ROME — No coins in the fountain, but we’ll still be back!

2 Nov

THANKS A LOT JULIUS!  —  I came, I saw and I photographed. It was October,2011 and I was at last taking up Julius’s open offer of a reciprocal visit. On my 62nd birthday I stood in the middle of St Peter’s Square, gazing at the great domed basilica. The fountains were gushing, the tourists were queueing and I was watching the statues on top of Bernini’s curving collonades slowly turning into silouettes as the late afternoon sun dipped. I had made it to Rome at long last! It’s the “Eternal City” that uniquely and generously offers two countries for the price of one — Italy and the Vatican. Eat your heart out Tescos! What follows are a few of my impressions.

THE COLOSSEUM FROM OUR WINDOW  —  Our 2nd floor apartment lay just a stone’s throw from the Colosseum. I leant out of the window, pushed the shutters back and looked left. There it was, shining in the floodlights — ancient Rome’s greatest amphitheatre just at the bottom of our street!

Half an hour earlier, it had been a surreal experience suddenly driving around the Colosseum in our taxi, as if we had stumbled upon an abandoned film set. Next to it stood an ancient triumphal arch. ” O look, it’s the Arch of Constantine!” I exclaimed, like the good History teacher that I am. It was like a giant textbook suddenly springing to life! Now I was gaping at it through our window. Separating us from the 9th Wonder of the ancient World was: a cobbled street, a line of pavement cafes, tightly parked cars with moter-bikes squashed inbetween them, a half-excavated gladiators’ academy and a cream-coloured early Christian basilica. The next morning, I watched the first school groups and parties of tourists arrive to visit the Basilica of San Clemente with its 3 layers of Roman history. On our second day we visited this fascinating place ourselves.

MIXED-UP HISTORY and STRANGE JUXTAPOSITIONS.   —   San Clemente is a 12th century Greek style church which sits on top of a 4th Century Basilica, which in turn is built over the remains of a 3rd Century pagan, Mithran temple. The historical multi-layering of San Clemente is typical of Rome as a whole. The city groans beneath the weight of its own history. Different eras and architectural styles crowd in on one another, creating a constant whirl of confusing juxtapositions. A medieval bell-tower rises up beside an ancient arch; a flamboyant Baroque church- facade looms up behind the columned porch of an early temple, and so on. In certain places, like The Forum, buildings of different ages mix together in an intoxicating jumble, all the time being encircled by open-topped bus tours and camera touting tourists.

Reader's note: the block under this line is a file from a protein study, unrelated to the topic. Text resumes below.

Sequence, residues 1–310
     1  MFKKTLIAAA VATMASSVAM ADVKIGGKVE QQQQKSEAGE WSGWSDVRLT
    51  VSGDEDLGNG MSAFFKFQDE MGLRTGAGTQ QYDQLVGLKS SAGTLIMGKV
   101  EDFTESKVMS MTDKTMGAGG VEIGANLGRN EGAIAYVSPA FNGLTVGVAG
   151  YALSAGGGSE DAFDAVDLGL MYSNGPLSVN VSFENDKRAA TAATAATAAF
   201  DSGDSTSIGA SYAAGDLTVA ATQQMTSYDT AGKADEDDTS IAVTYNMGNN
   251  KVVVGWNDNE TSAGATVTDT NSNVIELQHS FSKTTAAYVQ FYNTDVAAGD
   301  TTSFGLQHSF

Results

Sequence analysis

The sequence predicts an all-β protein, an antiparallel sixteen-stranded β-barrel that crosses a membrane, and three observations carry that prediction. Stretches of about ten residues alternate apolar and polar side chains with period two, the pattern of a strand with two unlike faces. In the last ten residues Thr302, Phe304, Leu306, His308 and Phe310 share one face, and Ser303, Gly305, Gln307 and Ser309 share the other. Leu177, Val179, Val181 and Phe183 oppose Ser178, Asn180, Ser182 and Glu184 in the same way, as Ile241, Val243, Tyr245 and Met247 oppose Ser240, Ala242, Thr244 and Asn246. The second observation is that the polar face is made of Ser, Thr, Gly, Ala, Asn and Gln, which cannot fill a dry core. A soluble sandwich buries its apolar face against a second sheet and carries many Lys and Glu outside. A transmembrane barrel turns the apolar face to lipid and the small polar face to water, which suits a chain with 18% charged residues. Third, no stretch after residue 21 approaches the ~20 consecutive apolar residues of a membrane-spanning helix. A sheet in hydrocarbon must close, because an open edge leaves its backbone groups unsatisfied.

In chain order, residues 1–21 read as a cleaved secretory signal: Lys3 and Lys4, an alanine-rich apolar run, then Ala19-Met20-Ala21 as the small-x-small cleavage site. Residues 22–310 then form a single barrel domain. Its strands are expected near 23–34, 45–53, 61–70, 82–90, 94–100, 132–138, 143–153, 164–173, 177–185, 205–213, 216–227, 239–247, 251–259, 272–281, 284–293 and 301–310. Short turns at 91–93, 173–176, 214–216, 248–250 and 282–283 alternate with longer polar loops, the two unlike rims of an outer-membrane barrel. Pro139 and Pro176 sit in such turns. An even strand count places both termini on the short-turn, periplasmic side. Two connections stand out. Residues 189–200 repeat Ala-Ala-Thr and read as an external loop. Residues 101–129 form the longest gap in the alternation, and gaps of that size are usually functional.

TOURISTS OR TRAVELLERS?  —  There is supposed to be a subtle difference between a traveller and a tourist. Travellers, it is claimed, are a bit more thoughtful in their choice of sights , not just flocking to the more obvious, famous destinations which appear on most people’s tick lists. I smugly think I belong to the former category but probably am also a fully paid-up member of the latter. Whatever — Rome pays host to thousands of tourists AND travellers. This must be especially so in the height of summer but parts of it were still very busy when we visited in mid-October. It appears that Rome has developed into a whole year destination. The trouble is , many of the visiters want to go the same places, the so-called tourist ” honey-pots”. Thus the hordes of people we encountered at the foot of the Spanish Steps one morning were probably mostly the same as those we had met throwing their coins into the Trevi Fountain the previous evening.

You can always tell when you are approaching a tourist “honey-pot”. The crowds thicken and the streets start filling up with souvenir stalls, buskers, pavement cafes and ice-cream parlours. You will probably get to meet a golden Tutankhamen or a silver Statue of Liberty who only move when a coin is put into their pot. I got to kiss the daintily gloved hand of a Jane Austin -style lady in the Piazza Navona, for the bargain price of 1 Euro. Sometimes it seems as if tourists are a bit like sheep, all flocking to the same few places just because they are famous. On the other hand, a more discerning traveller might seek out more obscure but equally rewarding sights, or wander down quiet streets and through deserted squares just to see what exciting surprise might pop up. Chris and I tried to do a bit of both. We visited a mixture of the famous and the obscure and did our fair share of aimless but fascinating wandering.